EVENTS

For more information about special events and workshops at Sheep & Shawl, or to register, please call 413-397-3680.

Welcome to FIBERary 2018!

Sheep & Shawl focuses on FIBER all month long for the month of FIBERary.  We host a series of speakers about fiber on Sunday afternoons.  Call 413-397-3680 for more information and to reserve your seat.  Seating is limited.

Our friend Carole Adams of Whispering Pines Farm in Colrain set up the FIBERuary website in 2016 to feature a different article each day written by local fiber farmers, a shearer, and many crafts people. It’s all about fiber!

FIBERary SPEAKERS ON SUNDAYS
1:00 – 3:00   Free   Refreshments provided
Please call to reserve your seat:  413-397-3680

Feb 4  –  Susan Wright, Weaving with Knitting Yarn
Feb 11 – Kristen Whittle, Running a Sheep Farm
Feb 18 – Peggy Hart, Wool in America, 1780 -1840
Feb 25 – Steve Purdy, Alpaca Fiber Production in the Andes

Feb 4  –  Susan Wright, Weaving with Knitting Yarn

Weaving with knitting yarns provides tremendous variety and inspiration, but can be a little different from weaving with traditional yarns made for weaving. Come learn some of the differences, challenges and opportunities weaving with knitting yarn can bring to your weaving and view samples made with knitting yarns.   Susan Wright has been weaving for 18 years and completed the Hill Institute Master Weaver Program in2010. She enjoys weaving, quilting, knitting and almost any other fiber craft.

Feb 11 – Kristen Whittle, Running a Sheep Farm

Kristen started Little Brook Farm in Sunderland in 1983. She raises sheep, goats, pigs, chickens and turkeys and likes to share her farm with children during summer and vacation week camps. Kristen was the livestock manager for the University of Massachusetts for 13 years before returning to school to get a degree in nursing. She now works as an elementary school nurse along with running her farm.  Kristen raises sheep for both meat and wool selling most of the wool as blankets sold off of the farm.

Feb 18 – Peggy Hart, Wool in America, 1780 -1840

Peggy recently published Wool: Unraveling an American Story of Artisans and Innovation, and will have books to sell and sign.  The period 1780 – 1840 in the US represents the intermediate stage between hand production of textiles and mechanization. Large scale importation of merino sheep during this time greatly improved the quality and quantity of wool available. Wool carding machines began the process of mechanizing textile production; subsequently the development of cotton spinning made possible the putting out system of production and also new fabrics based on using machine spun cotton for warp. Soon after, cotton looms were modified to weave fabrics with wool weft such as satinet. In 1837, George Crompton invented the loom on which 100% wool fabric could be woven. While Americans were quick to embrace the new inexpensive cotton fabric, wool continued to be a staple in wardrobes for everyone from citizens to slaves.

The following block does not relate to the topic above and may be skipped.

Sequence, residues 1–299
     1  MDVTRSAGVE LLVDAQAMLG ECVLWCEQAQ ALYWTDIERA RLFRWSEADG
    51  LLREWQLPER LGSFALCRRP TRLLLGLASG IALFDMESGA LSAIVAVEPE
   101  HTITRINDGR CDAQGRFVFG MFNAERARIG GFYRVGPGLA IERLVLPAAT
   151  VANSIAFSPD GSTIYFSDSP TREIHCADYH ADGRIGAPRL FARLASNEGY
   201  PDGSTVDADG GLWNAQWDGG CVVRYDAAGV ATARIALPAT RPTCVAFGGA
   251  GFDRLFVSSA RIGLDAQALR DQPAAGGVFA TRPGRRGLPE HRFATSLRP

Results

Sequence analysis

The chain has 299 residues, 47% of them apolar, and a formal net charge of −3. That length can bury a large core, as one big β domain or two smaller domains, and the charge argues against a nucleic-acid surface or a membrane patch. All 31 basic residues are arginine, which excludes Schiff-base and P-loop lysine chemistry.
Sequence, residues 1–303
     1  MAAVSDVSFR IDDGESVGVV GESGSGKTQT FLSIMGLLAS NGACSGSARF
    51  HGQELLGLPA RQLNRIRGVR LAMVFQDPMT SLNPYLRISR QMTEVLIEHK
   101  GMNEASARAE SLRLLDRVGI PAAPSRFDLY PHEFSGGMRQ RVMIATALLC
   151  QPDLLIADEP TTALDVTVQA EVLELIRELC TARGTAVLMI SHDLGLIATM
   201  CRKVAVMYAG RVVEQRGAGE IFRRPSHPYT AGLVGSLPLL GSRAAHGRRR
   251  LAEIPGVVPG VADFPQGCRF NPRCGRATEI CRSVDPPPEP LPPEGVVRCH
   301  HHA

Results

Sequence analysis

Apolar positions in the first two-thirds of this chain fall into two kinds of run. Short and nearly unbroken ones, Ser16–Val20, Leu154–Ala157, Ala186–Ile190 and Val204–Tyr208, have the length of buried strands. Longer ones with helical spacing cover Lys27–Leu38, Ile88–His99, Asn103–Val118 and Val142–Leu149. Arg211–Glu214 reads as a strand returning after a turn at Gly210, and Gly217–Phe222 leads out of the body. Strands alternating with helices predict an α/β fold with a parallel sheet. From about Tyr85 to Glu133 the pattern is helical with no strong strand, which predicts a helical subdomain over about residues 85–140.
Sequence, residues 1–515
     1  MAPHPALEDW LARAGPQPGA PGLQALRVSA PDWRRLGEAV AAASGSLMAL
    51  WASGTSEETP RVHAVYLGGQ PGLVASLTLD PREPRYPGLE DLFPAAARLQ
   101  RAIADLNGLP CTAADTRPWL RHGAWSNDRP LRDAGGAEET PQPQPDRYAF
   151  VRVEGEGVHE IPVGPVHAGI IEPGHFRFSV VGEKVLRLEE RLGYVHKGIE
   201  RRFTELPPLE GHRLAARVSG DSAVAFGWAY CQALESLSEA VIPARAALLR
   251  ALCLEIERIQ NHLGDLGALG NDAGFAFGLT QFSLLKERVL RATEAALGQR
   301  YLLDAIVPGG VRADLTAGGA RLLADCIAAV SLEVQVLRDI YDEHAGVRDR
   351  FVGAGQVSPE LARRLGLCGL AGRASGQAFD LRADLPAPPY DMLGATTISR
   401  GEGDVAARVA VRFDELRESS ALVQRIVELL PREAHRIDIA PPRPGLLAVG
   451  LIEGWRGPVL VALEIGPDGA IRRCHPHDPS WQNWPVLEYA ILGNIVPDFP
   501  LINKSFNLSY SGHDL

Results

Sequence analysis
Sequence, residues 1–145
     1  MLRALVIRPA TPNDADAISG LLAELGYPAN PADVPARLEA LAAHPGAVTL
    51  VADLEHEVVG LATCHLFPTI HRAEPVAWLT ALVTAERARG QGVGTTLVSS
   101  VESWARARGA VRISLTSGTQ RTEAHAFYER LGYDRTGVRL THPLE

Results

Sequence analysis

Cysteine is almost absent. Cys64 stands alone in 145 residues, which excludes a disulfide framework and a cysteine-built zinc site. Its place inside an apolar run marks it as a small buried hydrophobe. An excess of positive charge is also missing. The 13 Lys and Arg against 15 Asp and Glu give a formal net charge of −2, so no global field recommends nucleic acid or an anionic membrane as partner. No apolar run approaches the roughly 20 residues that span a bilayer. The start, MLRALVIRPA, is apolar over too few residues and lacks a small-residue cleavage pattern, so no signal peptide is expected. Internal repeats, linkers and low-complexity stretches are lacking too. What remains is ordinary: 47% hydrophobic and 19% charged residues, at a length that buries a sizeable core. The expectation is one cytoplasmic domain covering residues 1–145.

Peggy Hart majored in African history in college. She ran a hand spinning and weaving cottage industry as a 2-year Peace Corps volunteer in Kenya. She studied weaving at the Penland School of Crafts and the Rhode Island School of Design, receiving a M.A.E. from RISD in 1981. Since then she has been a production weaver and teacher; designing, producing, and marketing hundreds of blankets annually including custom blankets for fiber farmers using their own yarn.

Feb 25 – Steve Purdy, Alpaca Fiber Production in the Andes

As a veterinarian, Dr. Purdy’s Nunoa Project focus is on promoting successful alpaca management in rural areas in the Peruvian highlands.  Herd improvement is key to establishing self-sustaining programs to support herding families.  With improved fiber quality, farming communities can create added-value products from their fleeces rather than sell it to middlemen for very low prices.   One such new Nunoa program is the formation of a group of spinners to carry on the region’s textile tradition and sell knitted products to local and US markets.

Dr. Stephen Purdy DVM is an internationally-known camelid veterinarian located in Belchertown.  He is President of the Nunoa Project, a US-Peru charity dedicated to preserving the rural traditions of the southern Peruvian highlands, and heads the North American Camelid Studies Program.

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